Colombia's main rebel group announced a unilateral cease-fire on Monday as it began much-anticipated peace talks, but the Bogota government responded that it would continue military operations.
Top negotiator Ivan Marquez said the Revolutionary Armed Forces of Colombia would halt all acts of sabotage and attacks against government and private property starting at midnight Monday and running through Jan. 20.
He made the announcement as negotiators for both sides entered the talks in Havana without other comment.
Marquez said the move was "aimed at strengthening the climate of understanding necessary for the parties to start a dialogue."
Hours later, Defense Minister Juan Carlos Pinzon told reporters in the Colombian capital that while the government hoped the FARC would keep its promise, "history shows that this terrorist organization has never kept its word. It's very difficult to believe."
He added that Colombian security forces have "the constitutional duty to pursue all criminals who have violated the Constitution."
"As a result, the terrorists of the FARC are being pursued for all the crimes they have committed over so many years and not for future crimes," said Pinzon, one of President Juan Manuel Santos' most trusted collaborators.
The FARC had sought a cease-fire before entering the talks. But Santos firmly rejected halting military operations, intent on obtaining tangible results in the negotiations from an insurgency that has been weakened militarily in recent years.
Piedad Cordoba, a leftist former Colombian senator who has served as a go-between with the Western Hemisphere's last remaining major insurgency, said the unilateral cease-fire gives the FARC "credibility and legitimacy."
"It certainly puts political pressure on the Santos government" not to attack the rebels during the talks, said Adam Isacson, an analyst at the Washington Office on Latin America.
The talks got under way under threatening skies at a convention center in Havana, with most rebel and government negotiators dressed casually in short-sleeve shirts or guayaberas.
The rebel delegation came sporting a life-size cardboard cutout of Simon Trinidad, a FARC leader symbolically named to the negotiating committee. He is serving a 60-year jail term in the United States for hostage-taking conspiracy and the rebels consider him a prisoner of war.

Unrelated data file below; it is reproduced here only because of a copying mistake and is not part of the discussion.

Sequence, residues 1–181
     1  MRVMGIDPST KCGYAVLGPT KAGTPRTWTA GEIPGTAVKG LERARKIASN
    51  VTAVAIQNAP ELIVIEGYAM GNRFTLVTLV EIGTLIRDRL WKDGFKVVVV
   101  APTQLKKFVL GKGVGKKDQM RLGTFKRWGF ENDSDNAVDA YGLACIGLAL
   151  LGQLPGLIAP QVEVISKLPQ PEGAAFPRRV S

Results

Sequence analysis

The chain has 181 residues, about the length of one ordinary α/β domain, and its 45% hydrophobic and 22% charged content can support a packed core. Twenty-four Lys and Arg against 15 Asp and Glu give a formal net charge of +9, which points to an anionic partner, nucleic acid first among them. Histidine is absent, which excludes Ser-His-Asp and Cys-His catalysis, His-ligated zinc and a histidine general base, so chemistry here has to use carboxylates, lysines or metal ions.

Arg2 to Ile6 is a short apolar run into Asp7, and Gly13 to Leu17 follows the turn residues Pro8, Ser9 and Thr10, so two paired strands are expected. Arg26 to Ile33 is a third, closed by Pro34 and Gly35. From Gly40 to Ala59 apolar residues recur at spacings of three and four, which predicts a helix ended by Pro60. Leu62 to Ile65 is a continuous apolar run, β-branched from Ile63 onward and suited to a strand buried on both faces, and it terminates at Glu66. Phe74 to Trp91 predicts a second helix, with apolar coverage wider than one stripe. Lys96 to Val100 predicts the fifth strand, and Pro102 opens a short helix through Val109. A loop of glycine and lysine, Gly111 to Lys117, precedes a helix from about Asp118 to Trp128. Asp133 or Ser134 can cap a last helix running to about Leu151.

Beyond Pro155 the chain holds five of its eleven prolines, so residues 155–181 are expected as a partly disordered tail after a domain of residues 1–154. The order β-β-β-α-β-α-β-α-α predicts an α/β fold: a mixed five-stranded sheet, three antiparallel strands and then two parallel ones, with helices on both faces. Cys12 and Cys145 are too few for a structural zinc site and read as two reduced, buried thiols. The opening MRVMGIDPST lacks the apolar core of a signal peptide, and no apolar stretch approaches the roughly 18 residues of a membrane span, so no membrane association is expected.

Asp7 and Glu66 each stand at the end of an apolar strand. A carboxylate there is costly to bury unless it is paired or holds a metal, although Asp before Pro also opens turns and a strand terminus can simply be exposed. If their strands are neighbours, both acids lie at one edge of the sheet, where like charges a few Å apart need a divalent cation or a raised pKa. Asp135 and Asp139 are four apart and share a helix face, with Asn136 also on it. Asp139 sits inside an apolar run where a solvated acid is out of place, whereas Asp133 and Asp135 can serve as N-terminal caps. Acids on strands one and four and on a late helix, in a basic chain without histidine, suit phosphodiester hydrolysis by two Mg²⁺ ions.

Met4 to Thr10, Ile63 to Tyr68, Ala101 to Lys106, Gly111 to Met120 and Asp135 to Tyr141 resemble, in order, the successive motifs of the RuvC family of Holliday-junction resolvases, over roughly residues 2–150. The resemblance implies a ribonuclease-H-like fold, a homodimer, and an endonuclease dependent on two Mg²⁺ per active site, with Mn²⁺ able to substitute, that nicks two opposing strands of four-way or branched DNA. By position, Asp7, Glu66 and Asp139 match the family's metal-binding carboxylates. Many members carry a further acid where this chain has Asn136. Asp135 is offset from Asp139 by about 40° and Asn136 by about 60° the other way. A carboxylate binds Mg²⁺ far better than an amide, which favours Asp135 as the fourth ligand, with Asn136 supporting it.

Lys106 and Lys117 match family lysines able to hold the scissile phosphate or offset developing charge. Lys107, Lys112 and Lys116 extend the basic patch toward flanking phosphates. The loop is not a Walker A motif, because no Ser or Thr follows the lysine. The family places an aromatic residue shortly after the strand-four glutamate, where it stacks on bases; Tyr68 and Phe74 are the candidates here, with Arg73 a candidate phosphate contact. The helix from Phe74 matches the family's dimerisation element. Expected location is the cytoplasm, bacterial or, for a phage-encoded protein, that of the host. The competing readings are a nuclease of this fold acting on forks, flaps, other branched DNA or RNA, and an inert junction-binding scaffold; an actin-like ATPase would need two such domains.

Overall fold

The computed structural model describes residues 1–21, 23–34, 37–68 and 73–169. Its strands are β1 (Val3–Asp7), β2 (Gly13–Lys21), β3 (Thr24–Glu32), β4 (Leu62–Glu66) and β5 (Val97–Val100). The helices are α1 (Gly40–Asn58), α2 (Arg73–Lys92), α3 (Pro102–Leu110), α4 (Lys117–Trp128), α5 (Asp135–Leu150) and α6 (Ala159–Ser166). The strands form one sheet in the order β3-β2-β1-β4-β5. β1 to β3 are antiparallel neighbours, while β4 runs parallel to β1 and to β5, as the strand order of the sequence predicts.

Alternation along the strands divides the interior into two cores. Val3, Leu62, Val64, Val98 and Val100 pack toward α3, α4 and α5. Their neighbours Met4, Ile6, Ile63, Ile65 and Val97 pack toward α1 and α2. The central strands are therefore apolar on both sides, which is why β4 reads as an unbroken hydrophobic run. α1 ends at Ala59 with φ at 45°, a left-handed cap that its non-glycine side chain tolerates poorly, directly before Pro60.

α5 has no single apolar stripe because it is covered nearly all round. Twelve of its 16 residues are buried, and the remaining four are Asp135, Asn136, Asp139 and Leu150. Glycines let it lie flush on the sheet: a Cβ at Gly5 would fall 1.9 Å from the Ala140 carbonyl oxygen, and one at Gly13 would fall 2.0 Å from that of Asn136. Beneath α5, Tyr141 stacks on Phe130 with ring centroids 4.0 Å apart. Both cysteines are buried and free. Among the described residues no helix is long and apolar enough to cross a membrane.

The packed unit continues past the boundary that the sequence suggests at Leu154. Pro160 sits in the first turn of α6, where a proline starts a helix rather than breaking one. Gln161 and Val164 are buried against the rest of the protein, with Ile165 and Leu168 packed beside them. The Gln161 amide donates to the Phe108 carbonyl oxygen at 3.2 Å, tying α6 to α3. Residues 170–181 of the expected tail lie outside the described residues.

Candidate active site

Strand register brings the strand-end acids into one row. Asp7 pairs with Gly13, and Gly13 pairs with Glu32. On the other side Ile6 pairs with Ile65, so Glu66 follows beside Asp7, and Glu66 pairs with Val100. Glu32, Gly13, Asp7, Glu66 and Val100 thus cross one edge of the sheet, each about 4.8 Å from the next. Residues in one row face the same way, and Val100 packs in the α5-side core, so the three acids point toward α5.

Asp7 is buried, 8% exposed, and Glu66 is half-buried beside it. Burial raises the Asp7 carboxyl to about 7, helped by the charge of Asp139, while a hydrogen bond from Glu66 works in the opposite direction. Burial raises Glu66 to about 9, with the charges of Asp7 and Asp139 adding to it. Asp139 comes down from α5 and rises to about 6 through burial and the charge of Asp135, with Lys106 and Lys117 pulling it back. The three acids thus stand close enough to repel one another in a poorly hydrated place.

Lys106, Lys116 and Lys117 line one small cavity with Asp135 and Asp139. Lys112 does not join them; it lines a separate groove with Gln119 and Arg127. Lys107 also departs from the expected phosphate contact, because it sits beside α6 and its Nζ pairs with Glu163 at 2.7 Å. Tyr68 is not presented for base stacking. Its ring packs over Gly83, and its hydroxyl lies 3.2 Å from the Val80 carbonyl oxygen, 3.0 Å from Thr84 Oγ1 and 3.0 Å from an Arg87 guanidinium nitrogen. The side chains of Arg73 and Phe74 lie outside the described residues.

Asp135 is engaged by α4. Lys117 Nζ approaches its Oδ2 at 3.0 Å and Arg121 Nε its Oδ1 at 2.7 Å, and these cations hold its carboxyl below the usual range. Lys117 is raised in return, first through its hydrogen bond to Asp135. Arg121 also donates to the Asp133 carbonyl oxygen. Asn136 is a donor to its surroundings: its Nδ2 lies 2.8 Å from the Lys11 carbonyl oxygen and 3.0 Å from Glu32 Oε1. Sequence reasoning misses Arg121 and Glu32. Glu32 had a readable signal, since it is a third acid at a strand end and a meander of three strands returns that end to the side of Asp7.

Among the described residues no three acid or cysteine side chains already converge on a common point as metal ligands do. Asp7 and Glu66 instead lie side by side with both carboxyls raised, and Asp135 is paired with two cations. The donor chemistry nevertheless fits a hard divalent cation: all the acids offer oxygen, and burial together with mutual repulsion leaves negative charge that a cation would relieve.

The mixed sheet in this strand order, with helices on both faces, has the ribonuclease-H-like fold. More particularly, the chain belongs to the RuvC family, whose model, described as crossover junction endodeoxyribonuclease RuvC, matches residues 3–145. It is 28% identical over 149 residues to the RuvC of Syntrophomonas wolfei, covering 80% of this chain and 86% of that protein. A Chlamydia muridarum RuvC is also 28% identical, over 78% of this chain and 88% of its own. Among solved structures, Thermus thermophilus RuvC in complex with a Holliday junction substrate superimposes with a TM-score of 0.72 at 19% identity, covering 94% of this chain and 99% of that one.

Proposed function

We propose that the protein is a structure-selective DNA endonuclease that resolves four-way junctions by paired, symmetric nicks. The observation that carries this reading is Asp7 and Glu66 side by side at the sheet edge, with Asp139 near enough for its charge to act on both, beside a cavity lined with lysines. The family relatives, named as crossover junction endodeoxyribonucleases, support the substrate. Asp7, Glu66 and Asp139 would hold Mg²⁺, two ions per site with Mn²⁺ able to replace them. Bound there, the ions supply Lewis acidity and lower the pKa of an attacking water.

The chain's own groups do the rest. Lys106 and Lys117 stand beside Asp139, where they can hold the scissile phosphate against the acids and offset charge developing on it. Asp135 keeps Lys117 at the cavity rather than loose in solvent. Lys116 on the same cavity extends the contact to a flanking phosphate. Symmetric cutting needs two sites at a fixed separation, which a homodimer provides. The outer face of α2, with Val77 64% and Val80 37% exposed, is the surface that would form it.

Among the rebels at the talks was Tanja Nijmeijer, a 34-year-old polyglot Dutch woman who joined the rebels a decade ago and was a last-minute addition to the rebel delegation. Nijmeijer, the only woman at the negotiating table, entered the convention center wearing a dark beret with a FARC insignia.
Cuba is playing host to the talks in Havana following a formal inauguration in Oslo, Norway last month. The FARC has been at war with successive Colombian government half a century and the drug trade-fueled conflict has claimed tens of thousands of lives, mostly civilians, and included killings of suspected rebel sympathizers by right-wing death squads allied with the military.
There is no deadline for agreement, though Santos has said he expects results in months, not years, or he will halt the negotations.
The talks, the result of seven months of secret negotiations in Havana, follow four failed efforts since the early 1980s.
A cease-fire reach with the FARC in the first of those efforts fell apart amid accusations of mutual failures to honor it.
Universidad de los Andes political scientist Sandra Borda said in Bogota that the rebels' cease-fire announcement has her wondering whether the FARC's leadership can pull it off.
"If it works, it will substantially change the tone of these negotiations," said Borda, and become "a mechanism of pressure on the government to stay at the table."
Land reform, the heart of the conflict, is at the top of the agenda and the negotiators vowed in a roadmap agreement signed Aug. 26 that both sides would keep the negotiations secret pending joint public progress reports.
The Colombian government is hoping peace leads to greater foreign investment, including the extractive industries, and says its economic model is not negotiable. But the FARC is insisting on nationalizing natural resources.
The government has promised to return millions of acres of stolen land to displaced peasants, one of the rebels' main demands, and compensate victims.
The 9,000-strong FARC is being asked as a condition of peace to help end the cocaine trade that has funded its struggle.
Colombians also want it to account for the dozens of kidnap victims who have disappeared in its custody and other noncombatants it is accused of killing.
Paul Haven in Havana, Cesar Garcia and Vivian Sequera in Bogota, Colombia, and Frank Bajak in Lima, Peru, contributed to this report.